Getty Images going free? Not quite
Written by Rehana Ali on 07 March 2014« Return to Reading Room
Getty Images holds one of the worlds largest photographic archives, until recently Getty Images business model was largely copyright based, i.e. if you wished to use an image that Getty owned, you would have to pay royalties.
Getty are well known for being very thorough in enforcing their rights by pursuing those guilty of copyright infringement of their work and demanding significant sums for the unauthorised use of their work.
Craig Peters the business development executive for Getty has recently stated
“Our content was everywhere, you can find it without a watermark very simply you go to one of our sites and you right click”
For the above reason Getty have now decided to change their strategy, by making their work almost freely available, in exchange, they require web publishers to use an embedding system with native codes for use on sites such as twitter, Pinterest and similar weblogs.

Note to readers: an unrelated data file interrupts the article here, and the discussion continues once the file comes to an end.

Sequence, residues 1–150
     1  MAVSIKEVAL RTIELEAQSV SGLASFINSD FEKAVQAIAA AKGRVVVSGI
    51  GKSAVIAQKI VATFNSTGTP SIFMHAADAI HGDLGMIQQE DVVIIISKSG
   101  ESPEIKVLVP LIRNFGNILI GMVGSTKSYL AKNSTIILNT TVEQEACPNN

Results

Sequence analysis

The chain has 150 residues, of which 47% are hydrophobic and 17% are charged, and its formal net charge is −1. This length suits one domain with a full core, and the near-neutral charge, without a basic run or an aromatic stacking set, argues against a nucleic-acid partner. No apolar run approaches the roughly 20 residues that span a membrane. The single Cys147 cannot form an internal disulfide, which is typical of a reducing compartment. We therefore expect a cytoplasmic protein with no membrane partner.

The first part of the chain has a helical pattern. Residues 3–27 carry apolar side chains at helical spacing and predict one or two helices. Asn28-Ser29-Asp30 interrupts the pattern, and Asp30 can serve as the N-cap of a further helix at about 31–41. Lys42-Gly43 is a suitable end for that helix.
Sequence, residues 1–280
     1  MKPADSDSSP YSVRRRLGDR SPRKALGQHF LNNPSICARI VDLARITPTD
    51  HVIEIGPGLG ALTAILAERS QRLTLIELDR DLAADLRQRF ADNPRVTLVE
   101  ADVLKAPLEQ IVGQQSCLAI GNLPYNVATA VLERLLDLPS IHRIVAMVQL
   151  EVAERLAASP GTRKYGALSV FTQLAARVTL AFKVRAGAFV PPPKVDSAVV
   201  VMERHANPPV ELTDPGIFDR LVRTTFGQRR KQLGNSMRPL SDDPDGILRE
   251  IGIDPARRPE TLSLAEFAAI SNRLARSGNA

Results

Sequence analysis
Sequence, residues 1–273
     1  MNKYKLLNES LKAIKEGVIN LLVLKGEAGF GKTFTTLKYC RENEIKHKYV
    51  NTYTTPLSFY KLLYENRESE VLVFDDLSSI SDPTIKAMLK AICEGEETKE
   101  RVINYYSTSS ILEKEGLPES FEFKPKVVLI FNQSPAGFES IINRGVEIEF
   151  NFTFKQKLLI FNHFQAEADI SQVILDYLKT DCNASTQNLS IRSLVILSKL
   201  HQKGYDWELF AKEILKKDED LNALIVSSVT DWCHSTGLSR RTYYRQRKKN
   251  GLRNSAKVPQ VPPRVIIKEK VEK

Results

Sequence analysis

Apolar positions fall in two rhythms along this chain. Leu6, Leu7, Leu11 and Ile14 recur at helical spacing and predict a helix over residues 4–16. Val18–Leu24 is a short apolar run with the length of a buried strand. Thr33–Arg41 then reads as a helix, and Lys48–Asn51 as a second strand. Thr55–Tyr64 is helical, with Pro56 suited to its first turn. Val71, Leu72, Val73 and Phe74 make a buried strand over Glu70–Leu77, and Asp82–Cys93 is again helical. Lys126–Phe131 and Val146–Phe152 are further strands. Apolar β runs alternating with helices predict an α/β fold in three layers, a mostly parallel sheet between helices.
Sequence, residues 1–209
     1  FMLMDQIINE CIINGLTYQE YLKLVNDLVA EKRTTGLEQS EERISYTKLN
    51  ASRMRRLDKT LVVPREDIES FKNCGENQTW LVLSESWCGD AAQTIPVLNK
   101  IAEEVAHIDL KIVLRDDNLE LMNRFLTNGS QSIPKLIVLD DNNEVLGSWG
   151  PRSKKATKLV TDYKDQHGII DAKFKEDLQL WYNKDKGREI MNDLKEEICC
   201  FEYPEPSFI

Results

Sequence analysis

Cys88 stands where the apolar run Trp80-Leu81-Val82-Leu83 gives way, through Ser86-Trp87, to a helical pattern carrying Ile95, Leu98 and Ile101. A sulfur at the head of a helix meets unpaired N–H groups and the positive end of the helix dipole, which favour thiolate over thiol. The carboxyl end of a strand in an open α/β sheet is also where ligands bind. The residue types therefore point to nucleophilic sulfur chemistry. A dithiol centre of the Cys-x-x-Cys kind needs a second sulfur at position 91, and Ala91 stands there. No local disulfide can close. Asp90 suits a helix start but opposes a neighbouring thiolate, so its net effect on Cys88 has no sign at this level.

The Getty Image archive is now divided into two sections:
- Rights Managed (RM): in line with the usual copyright regime.
- Royalty free (RF): Three small icons will appear under all pictures on Twitter and similar websites.
Once on a sharing platform an image is embedded on third parties’ websites along with the name of the author and a link to the Getty Image website, allowing the user to obtain a commercial licence for use of the image.
The embedded content also allows Getty images to monitor the use of the image.
An important point to note is that Getty Images content is only freely available for non-commercial use!! So anyone intended to use the images for professional activities requires the classic licence!!
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